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  #16  
Old 10-11-2017, 11:14 PM
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MIPS MIPS is offline
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But that was the initial question: What kind of a ballast should I be looking for? From what I'm getting, I need a "preheat ballast".
If I'm buying online, I'd rather not buy old/used/untested ballasts as most people want money, plus you're shipping a lump of iron. (EG: this, which would work to about $40 each after shipping and conversion)

Last edited by MIPS; 10-11-2017 at 11:22 PM.
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  #17  
Old 10-11-2017, 11:51 PM
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Lots of old fixtures use starters, but they have a mag ballast too. T12 magnetic ballasts are on the government's hit list of non environmentally friendly products, and I believe there's even timelines for when the lamps will no longer be sold.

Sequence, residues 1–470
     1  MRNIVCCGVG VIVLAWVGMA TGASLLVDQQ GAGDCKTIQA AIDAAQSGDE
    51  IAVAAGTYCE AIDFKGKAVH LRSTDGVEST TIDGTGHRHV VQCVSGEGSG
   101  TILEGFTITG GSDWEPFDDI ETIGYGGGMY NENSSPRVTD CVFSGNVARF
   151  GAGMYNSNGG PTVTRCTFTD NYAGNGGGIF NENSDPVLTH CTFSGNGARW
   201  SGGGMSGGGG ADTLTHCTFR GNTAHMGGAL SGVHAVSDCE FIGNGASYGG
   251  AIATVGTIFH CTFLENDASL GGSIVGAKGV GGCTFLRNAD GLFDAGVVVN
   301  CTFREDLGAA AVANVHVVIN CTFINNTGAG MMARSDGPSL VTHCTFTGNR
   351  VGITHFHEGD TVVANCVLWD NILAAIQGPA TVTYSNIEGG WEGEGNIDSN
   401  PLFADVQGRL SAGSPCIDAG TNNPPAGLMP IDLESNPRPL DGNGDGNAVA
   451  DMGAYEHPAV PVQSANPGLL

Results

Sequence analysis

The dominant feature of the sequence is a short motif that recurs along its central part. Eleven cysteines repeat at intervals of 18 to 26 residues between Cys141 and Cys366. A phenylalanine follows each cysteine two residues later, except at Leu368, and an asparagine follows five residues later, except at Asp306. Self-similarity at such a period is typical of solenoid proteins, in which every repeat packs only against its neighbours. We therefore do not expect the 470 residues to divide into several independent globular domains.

I'm actually typing this under the light of such a fixture, I wouldn't go out of my way to install one, the time delay when you turn it on is a little annoying, but it came with the house and still works, so why not keep it.
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  #18  
Old 10-12-2017, 01:32 AM
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Quote:
Originally Posted by maxhifi View Post
T12 magnetic ballasts are on the government's hit list of non environmentally friendly products.
The government ruins all the fun.

Anyway, I'm not sure exactly what you need, but shop around on ebay and look at the pictures. Because the ballasts have the schematics printed on them. Whichever ones have a starter in the schematic, and support 4 foot lights, idk which number those are.
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  #19  
Old 10-12-2017, 09:41 AM
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Quote: